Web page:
difference. The last thing I remember was Forrest saying, "You have 0.83
nautical miles to go", which is almost exactly one statute mile. In my
long training swims, especially my last three on May 5 (12 miles), May 12
(14 miles - thanks to Jason Pyle for kayaking the entire 14 miles, which
included getting flipped 54 times), and May 19 (16 miles), I always tried
to swim the last mile faster than the others. So with that, I told them
this would be my last feed and I was putting my head down, picking up my
stroke rate and cranking in. I increased my stroke rate from 52 to just
over 60. All I can say is I've never swum so hard to travel one mile in
what turned out to be nearly 44 minutes!

As I was approaching Black Rock I did lift my head to see Jill standing on
the beach with Ashley. What a sweet sight that was. In a very weird way,
I find the last few hundred yards of such swims to be kind of sad. It
takes so many months to train for such things, and the realization that
it's almost over leaves one feeling a bit depressed. Despite my earlier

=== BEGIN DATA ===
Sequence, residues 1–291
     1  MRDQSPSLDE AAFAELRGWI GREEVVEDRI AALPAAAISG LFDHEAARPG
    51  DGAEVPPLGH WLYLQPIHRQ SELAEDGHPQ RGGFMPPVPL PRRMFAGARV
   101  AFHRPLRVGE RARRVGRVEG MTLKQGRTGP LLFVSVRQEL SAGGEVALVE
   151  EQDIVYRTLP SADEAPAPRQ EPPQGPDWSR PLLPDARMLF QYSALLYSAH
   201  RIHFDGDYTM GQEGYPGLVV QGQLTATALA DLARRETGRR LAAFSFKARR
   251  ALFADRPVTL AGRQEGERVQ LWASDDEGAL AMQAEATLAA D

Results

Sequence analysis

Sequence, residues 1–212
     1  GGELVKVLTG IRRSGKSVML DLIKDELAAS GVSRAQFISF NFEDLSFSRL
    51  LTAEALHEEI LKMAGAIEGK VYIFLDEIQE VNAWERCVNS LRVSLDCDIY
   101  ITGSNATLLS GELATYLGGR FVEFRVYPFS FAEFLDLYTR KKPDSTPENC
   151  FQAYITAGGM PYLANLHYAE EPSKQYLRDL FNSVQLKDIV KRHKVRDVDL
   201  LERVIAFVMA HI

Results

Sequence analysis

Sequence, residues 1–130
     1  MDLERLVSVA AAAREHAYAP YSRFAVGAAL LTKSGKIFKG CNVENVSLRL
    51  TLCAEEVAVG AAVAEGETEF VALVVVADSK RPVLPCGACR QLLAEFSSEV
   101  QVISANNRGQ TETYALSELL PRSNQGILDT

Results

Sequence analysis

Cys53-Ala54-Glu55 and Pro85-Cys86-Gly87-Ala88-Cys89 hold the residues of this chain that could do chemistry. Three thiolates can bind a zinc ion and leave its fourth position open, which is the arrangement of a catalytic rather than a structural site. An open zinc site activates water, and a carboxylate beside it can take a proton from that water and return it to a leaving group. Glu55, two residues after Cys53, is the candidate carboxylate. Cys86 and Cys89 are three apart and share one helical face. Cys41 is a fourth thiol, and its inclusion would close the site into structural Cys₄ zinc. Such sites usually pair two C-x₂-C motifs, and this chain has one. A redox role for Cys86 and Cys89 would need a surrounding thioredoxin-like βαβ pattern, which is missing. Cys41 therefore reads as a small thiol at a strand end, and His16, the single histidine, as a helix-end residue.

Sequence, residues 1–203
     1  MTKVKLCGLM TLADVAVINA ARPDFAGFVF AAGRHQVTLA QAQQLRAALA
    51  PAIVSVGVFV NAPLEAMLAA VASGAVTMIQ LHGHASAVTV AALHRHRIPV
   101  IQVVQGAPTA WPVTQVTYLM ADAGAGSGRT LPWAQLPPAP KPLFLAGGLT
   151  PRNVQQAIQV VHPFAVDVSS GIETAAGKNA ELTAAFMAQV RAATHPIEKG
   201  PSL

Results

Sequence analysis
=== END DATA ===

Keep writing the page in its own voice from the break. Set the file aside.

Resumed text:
laps in judgement and temporary hubris (re: contemplating the triple
crossing at the 7 hour mark), I was honored to be the first person to do
this swim. After climbing out the water, Jill put a lei around my neck and
gave me a hug, despite the grease.

In reality, I had "conquered" nothing, but merely was lucky enough to find
a day the channel was willing to tolerate me. Being prepared is a
necessary, but not sufficient factor to success in the ocean.
Many people think of marathon swimming as an individual sport. However, it
is more of a team sport than I can often convey to people. This swim
absolutely could not have been done without the expertise of my boat
captain, Claude Moreau. Furthermore, without Jim and Forrest on the boat
and in the 2 days leading up to the swim, there was no way I could have
done this. Most importantly, without my wife who tolerates me spending
every free moment in the water, there was no way to prepare for such
silliness. I do owe her everything.

Peter.